We are suggesting that for this year the Epiphany and the Baptism of the Lord be celebrated together. Certainly, decisions will have to be made as to which takes central position in the observance during worship. The usual Epiphany symbols, like the wise men from Matthew’s story, wouldn’t fit as well when including the baptism of Jesus as a part of the remembrance. Yet, light as the central symbol of the season can be used, even as it might be enhanced with the water of baptism.
Epiphany is about seeing Christ, about the manifestation of Messiah in the person of Jesus. Certainly, the proclamation made at his baptism, the tearing open of the heavens, and the descending of the Spirit like a dove can be that revelatory experience.
A baptism remembrance could also provide the opportunity to remind the congregation that they are now the visible evidence of the presence of Christ in the world. When we claim the new life that we embrace at our baptism, we live the light that we proclaim. We are the witness to the activity of the Lord in the midst of the present-day reality.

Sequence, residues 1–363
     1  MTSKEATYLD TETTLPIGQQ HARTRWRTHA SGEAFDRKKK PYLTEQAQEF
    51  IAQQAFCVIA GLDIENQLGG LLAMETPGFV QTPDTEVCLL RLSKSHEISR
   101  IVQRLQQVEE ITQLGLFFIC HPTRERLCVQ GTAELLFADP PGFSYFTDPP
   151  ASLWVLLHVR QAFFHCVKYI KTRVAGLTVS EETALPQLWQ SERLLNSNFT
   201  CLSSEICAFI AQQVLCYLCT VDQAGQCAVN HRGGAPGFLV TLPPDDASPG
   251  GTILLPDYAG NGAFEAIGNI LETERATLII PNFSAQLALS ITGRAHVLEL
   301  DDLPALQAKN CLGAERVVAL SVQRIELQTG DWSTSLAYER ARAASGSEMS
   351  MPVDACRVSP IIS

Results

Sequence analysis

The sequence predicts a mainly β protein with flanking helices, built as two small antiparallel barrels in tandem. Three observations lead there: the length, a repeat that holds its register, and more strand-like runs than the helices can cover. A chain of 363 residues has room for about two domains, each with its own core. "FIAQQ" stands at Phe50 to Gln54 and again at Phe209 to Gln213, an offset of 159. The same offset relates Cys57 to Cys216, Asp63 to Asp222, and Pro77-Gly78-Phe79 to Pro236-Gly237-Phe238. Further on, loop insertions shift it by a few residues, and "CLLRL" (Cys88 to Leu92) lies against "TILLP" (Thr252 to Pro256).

This first service of the series is a perfect time to start with the invitation to discipleship—perhaps as a part of the baptism remembrance; perhaps as a separate invitation during the service. It is important to be as specific as possible about the invitation. Make sure people know the next steps if they decide to renew or begin their discipleship journey. How do they signal their intention? What support is provided? What commitment is required or suggested? Think the process through so that people understand clearly where they can start or take the next steps.
Worship should be a celebration; this is the beginning of a new year. We survived 2020, and while there might still be lingering effects of the pandemic and the unrest, it is time to embrace a new possibility, a new hope. The heavens have been torn open. But this isn’t a threat; it’s a promise of something new, something better. Let us commit ourselves to a closer walk with Christ. Let the waters of baptism renew us and cleanse us for our mission and ministry as followers of Jesus.
Rev. Dr. Derek Weber, Director of Preaching Ministries, served churches in Indiana and Arkansas and the British Methodist Church. His PhD is from University of Edinburgh in preaching and media. He has taught preaching in seminary and conference settings for more than 20 years.